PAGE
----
The main problem with trying to keep your carpet clean is that it’s always underfoot. You and your loved ones are always walking on it, introducing new dirt every day. Still, keeping your carpet clean doesn’t have to be extremely complicated. The key to making your carpet cleaning routine as easy and efficient as possible is to understand how your carpet is made, and how that affects the way you clean.
First, what we think of as carpet is actually made up of three separate components. First, there’s the subfloor, then the carpet pad, and finally, the carpet itself. Knowing the type of subfloor is important if any issues arise in the future, but for cleaning purposes, the subfloor doesn’t have much impact.
Underlayment, or carpet padding, is the most important part of your carpet, comfort-wise. The type of carpet pad that you get for your carpet is extremely important. In some cases, getting the wrong type of padding will void a carpet’s warranty. The type of padding you get should depend on the type of traffic that you expect your carpet to undergo. Most carpet padding is considered rebond, where high density foam is bonded in a variety of ways to make different thicknesses and densities. Another popular type is frothed foam, which is made of intensely packed urethane. It’s very good for high traffic area and reduces furniture dents in the carpet.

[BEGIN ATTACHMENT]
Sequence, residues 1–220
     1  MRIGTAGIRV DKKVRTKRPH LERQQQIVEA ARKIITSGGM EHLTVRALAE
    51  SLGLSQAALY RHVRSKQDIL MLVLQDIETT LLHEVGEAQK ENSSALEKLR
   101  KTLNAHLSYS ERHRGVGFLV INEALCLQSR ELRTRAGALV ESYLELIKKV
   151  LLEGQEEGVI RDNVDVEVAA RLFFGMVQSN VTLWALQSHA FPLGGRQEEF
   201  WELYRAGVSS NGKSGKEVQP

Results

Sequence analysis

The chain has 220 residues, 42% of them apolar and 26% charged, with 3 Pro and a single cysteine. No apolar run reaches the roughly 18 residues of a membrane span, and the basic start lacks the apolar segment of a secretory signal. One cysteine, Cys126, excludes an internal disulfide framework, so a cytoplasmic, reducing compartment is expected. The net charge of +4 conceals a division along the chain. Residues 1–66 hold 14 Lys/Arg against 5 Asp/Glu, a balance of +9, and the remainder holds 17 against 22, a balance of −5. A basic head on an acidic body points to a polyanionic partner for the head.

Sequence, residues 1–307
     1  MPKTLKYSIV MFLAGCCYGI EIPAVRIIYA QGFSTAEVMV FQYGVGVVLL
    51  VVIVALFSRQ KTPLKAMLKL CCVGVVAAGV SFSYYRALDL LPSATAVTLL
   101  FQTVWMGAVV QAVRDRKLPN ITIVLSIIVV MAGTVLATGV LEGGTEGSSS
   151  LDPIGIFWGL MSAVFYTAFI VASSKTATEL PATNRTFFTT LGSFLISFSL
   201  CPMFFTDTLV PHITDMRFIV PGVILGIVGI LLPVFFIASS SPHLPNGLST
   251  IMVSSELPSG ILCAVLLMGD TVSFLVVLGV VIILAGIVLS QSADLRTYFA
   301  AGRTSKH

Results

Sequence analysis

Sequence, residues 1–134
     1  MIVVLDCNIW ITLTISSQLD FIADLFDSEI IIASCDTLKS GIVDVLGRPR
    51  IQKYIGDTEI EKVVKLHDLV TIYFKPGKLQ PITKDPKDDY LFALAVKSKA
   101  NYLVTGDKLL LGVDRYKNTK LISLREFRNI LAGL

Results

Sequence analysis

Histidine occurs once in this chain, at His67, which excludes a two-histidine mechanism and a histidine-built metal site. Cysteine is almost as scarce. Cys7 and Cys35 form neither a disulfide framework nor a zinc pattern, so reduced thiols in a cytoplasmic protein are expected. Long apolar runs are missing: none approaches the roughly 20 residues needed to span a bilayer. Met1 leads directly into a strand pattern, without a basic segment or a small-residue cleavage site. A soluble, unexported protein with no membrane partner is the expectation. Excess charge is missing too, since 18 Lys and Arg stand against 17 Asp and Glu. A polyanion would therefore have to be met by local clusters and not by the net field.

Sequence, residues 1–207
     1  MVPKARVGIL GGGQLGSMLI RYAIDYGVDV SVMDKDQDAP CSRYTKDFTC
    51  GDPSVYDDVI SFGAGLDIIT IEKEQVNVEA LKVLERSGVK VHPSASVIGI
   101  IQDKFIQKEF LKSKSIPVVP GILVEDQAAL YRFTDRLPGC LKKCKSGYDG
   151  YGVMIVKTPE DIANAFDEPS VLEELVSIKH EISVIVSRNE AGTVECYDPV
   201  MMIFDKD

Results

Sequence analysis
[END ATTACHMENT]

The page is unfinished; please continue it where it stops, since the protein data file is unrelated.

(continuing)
The last layer is, of course, your carpet. Carpet comes in two primary types, based on the type of fibers. Most are made of synthetic fibers, such as nylon, olefin, or polyester. Some are even a blend of two types of synthetic fibers. Higher end carpets are made of wool, which is the only natural fiber used to make carpet.
Carpet is also broken up into how the fibers are made. Twisted fibers make the carpet more resistant to wear and tear. Bulked continuous filament (BCF) is where the carpet fiber is made into yarn from one strand. The texture is then added to the yarn to make it fluffier and more resistant to wear. Staple construction is where short pieces of yarn are used on the carpet. These shorter pieces are more suited to areas where almost no foot traffic will take place because they shed easily.
The last way that carpets are divided is how the actual pile rests. The pile refers to the entire top of the carpet and the fibers that are attached to the backing. Pile comes in either full loop, cut, or a blend of the two. Cut pile is when the loops of the carpet are cut to give a softer and fuzzier look. It falls into one of these styles:
- Plush cut pile is where all of the strands are cut to the same exact length, providing a very smooth and even look
- The textured cut pile has strands that are cut to different heights. These carpets use low-density fibers to create a fuzzy appearance.
- Saxony cut pile has twisted fibers with a longer length. It does show foot traffic easily and will also show furniture dents quickly.
- Cable cut pile uses thick long fibers to provide a very cozy feel to the carpet